Child Welfare (1-5): Background Content

Coroner Reports


September 1, 2018


ON

Expert Panel Recommendations

“SAFE WITH INTERVENTION” – REPORT OF THE EXPERT PANEL ON THE DEATHS OF CHILDREN AND YOUTH IN RESIDENTIAL PLACEMENTS SEPTEMBER 2018.
OFFICE OF THE CHIEF CORONER
In the first six months of 2017, five young people died in residential placements. All of the young people were in the care of a Children’s Aid Society or Indigenous Child Wellbeing Society (Society), and all of them struggled with mental health challenges. The OCC identified a group of 12 deaths of young people in the care of a Children’s Aid Society or Indigenous Child Wellbeing Society (Society) that occurred while they were in residential placements between January 1, 2014 and July 31, 2017. All of the young people had a history of mental health challenges. 8 of them were Indigenous.

To inform the investigation of the deaths and provide an opportunity for recommendations to prevent further deaths, the OCC established the Expert Panel on the Deaths of Children and Youth in Residential Placements (Panel). The Panel was tasked with:

  • reviewing and assessing the services and supports provided to the 12 young people;
  • identifying any commonalities and/or trends arising out of the review and assessment of the deaths;
  • identifying any systemic issues or concerns arising out of the review and assessment of the deaths;
  • providing expert opinion on the extent to which current and forthcoming plans, activities, legislation, regulations, policies and practices, including the activities outlined in Safe and Caring Places for Children and Youth: Ontario’s Blueprint for Building a New System of Licensed Residential Services and initiatives underway in the child welfare and children’s mental health sectors address any issues or concerns identified; and
  • making recommendations that may assist in preventing further deaths.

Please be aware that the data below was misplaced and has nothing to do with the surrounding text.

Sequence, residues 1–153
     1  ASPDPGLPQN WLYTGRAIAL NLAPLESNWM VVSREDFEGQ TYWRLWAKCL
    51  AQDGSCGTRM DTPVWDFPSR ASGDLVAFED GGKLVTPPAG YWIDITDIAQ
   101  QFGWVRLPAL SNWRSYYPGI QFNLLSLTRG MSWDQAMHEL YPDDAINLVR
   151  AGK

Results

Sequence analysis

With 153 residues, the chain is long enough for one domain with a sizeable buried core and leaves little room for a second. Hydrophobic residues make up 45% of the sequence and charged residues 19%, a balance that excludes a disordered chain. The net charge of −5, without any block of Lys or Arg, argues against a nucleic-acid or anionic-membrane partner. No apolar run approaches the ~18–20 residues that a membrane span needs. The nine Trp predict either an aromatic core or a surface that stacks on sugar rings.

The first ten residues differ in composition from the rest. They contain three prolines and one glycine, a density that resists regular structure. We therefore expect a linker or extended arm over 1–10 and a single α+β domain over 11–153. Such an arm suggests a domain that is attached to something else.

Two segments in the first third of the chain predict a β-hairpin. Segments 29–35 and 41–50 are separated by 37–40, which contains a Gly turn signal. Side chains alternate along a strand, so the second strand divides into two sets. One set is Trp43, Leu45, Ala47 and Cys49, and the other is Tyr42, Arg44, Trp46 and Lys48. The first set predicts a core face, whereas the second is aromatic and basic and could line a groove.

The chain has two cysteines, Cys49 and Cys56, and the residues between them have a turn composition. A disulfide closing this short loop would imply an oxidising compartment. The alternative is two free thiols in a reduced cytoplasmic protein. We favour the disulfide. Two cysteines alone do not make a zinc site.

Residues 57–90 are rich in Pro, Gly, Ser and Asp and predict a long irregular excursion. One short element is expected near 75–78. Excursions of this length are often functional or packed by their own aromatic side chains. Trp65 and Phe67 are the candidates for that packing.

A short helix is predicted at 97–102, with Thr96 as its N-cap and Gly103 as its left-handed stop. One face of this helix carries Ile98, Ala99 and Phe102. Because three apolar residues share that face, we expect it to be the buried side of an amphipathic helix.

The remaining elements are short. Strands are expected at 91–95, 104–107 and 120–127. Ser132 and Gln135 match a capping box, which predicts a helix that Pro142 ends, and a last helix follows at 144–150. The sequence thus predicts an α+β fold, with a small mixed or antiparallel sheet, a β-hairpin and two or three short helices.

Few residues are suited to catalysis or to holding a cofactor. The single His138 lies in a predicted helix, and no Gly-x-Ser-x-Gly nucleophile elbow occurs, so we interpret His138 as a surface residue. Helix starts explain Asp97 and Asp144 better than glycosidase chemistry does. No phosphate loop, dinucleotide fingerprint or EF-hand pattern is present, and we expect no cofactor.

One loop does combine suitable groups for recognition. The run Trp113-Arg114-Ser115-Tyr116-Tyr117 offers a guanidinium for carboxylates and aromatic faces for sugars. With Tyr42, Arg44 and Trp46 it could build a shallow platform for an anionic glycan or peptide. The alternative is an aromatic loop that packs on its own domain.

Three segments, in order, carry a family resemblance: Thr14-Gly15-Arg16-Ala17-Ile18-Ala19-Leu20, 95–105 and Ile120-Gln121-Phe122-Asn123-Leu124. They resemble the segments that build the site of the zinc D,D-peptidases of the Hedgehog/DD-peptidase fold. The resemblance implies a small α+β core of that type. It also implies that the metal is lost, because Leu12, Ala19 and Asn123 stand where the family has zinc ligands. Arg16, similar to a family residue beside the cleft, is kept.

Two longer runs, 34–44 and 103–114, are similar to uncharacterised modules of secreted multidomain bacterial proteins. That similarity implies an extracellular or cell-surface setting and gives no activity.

The Panel developed five recommendations they believe would make a fundamental difference to Ontario’s young people and the overall burden on Ontario’s social service system – now and over the longer-term.

https://www.ontario.ca/document/safe-intervention-report-expert-panel-deaths-children-and-youth-residential-placements


November 2, 2016


ON

Kaitlynn’s Principle Jury Recommendations

VERDICT OF CORONER’S JURY: KATELYNN ANGEL SAMPSON
An Act to enshrine Katelynn’s Principle as the guiding principle for decisions affecting children would recognize every child in the child welfare, youth justice and education systems as an individual with rights who must be at the centre of all decision-making affecting them. The private member’s bill was introduced by Monique Taylor, MPP for Hamilton Mountain. Nov. 2, 2016. The coroner’s jury made 173 recommendations.

In honour of Katelynn, a child whose identity and voice was not heard in her life, the first of the jury’s recommendations was named Katelynn’s Principle. Katelynn’s Principle states that children must be at the centre when they are receiving services through the child welfare, justice and/or education systems.

The Child, Youth and Family Services Act, 2016 gives teeth to the recommendations coming out of Katelynn’s inquest, putting children front and centre when it comes to their care. When unveiling the new Act, Michael Coteau, the Minister of Children and Youth Services, told reporters that it still “baffles” him that a system is in place were children don’t get a say in their care. He called the proposed legislation “the biggest game-changer in child protection in decades.”

https://oacas.libguides.com/c.php?g=703399&p=5012591


Other Background Content By Theme


Child and Youth Advocate Recommendations

The Canadian Council of Child and Youth Advocates (CCCYA) is an association of children's advocates from across Canada who have mandates to advance the rights of children and youth and to promote their voice. Although the names of the offices and their legislative mandates vary, the advocates are all independent officers of the legislature in their respective jurisdictions. Through the Council, they identify areas of mutual concern, and work to develop ways to address issues at a national level.

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Child Welfare Reports

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